Christianity at it's worst traumatizes those of us who have gone through difficult circumstances, as we plead and try to bargain with God and then in the end, it seems he has failed us anyway. And to make it much worse, when we feel that, it dumps more guilt on us because we are just supposed to have faith and we don't have enough and we are lacking and terrible and deserving of hell etc. It is such a mind game. When we finally wake up to the truth, the toll and the cost of this can be very high. You are not an exception here, and you are not alone. Stick around, this community can be the one thing that helps you pull through when everything feels hopeless and losing this delusion hurts and angers you so much. There are lots of people here who have been where you are and can lend a helping hand. ((hugs))
  6. I wish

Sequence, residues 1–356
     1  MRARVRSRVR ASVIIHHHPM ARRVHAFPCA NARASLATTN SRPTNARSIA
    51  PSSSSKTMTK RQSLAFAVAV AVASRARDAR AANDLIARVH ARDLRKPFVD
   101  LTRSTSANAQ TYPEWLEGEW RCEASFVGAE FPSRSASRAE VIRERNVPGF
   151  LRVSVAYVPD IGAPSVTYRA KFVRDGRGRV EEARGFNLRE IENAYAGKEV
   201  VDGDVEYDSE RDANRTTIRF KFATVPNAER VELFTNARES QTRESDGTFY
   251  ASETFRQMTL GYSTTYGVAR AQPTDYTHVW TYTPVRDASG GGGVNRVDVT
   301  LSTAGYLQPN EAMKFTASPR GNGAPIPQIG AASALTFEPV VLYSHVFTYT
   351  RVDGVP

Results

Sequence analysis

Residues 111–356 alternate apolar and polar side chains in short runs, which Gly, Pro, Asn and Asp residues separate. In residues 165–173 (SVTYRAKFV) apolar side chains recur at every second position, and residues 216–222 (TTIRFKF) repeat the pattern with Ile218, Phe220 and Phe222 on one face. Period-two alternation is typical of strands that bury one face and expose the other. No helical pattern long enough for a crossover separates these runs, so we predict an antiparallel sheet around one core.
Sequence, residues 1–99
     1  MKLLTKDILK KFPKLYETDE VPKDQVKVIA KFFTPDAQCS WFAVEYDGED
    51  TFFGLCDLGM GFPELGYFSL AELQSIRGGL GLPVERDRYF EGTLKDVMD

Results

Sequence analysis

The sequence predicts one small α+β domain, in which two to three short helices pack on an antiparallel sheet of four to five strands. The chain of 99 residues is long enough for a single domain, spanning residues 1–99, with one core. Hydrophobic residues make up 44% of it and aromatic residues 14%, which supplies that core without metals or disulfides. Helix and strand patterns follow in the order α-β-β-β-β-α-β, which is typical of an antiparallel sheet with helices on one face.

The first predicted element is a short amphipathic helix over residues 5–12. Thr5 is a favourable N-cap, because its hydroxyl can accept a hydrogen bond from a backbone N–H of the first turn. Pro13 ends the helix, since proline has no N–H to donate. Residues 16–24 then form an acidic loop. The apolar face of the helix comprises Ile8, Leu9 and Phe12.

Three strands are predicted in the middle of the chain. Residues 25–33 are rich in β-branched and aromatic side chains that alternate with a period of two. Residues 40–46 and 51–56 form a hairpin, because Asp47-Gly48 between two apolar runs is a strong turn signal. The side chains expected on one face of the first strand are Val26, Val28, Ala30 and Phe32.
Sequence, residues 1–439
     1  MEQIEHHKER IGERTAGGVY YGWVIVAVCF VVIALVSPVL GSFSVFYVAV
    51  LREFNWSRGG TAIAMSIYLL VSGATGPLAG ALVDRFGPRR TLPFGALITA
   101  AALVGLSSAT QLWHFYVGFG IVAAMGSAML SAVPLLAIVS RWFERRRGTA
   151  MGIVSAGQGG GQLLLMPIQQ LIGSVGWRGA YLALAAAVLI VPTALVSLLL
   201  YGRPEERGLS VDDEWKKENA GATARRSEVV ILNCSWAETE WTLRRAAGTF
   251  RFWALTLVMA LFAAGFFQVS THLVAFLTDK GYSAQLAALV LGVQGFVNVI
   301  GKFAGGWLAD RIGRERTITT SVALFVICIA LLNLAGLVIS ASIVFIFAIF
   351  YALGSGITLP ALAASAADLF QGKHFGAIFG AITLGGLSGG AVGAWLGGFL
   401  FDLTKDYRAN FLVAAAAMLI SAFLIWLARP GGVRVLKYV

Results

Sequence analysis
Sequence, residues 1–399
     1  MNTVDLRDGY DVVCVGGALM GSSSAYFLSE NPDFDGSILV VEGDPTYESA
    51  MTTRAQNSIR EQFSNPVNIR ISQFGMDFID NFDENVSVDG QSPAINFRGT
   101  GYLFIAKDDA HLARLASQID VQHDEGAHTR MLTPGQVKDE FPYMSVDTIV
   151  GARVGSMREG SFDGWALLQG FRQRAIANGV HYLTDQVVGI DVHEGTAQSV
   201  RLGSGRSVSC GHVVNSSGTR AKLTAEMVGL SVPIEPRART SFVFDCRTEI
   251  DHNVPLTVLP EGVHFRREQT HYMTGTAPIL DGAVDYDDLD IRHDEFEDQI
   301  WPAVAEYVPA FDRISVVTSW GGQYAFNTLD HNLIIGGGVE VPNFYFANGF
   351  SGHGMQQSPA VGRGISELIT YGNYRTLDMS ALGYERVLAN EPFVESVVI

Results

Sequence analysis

@LogicalFallacyand @ToHellWithMehave raised some good points here. I too stayed with Christianity for a long time due to the fear simply because I didn't even understand that it was fear that was controlling me. But eventually like LF, once I did realize that fear was my primary motivation, I started wondering what it says about the nature of the Christian God that he would threaten us with eternal damnation and torture to keep us in line. If we want to believe in God, should we not be looking for good reasons? And I could find no good reasons once that can of worms was opened. I too know people who have seen angels when they have been in very dangerous circumstances. But I do not view this as concrete evidence for the existence of a God, specifically a Christian God, or evidence that I have to believe in him. I take the view that I don't have to understand or have an explanation for everything that occurs, and that if something occurs outside of my ability to explain it, is isn't evidence that my former beliefs were the ultimate truth. I like LF's last question, why are we not afriad of Hades, Anubis, the underworld, Tartarus, or the Viking Hel? To me, the answer is simple: my mind has not been conditioned to believe in and accept these as literal truths since day 1, thus I am much more likely exercise my rational thinking abilities in regards to their existence and I conclude that they are pure fabrications. I hope you can gain peace Zenh. We all have our paths to walk. If the doubts are there, try to educate yourself as much as possible on the issues.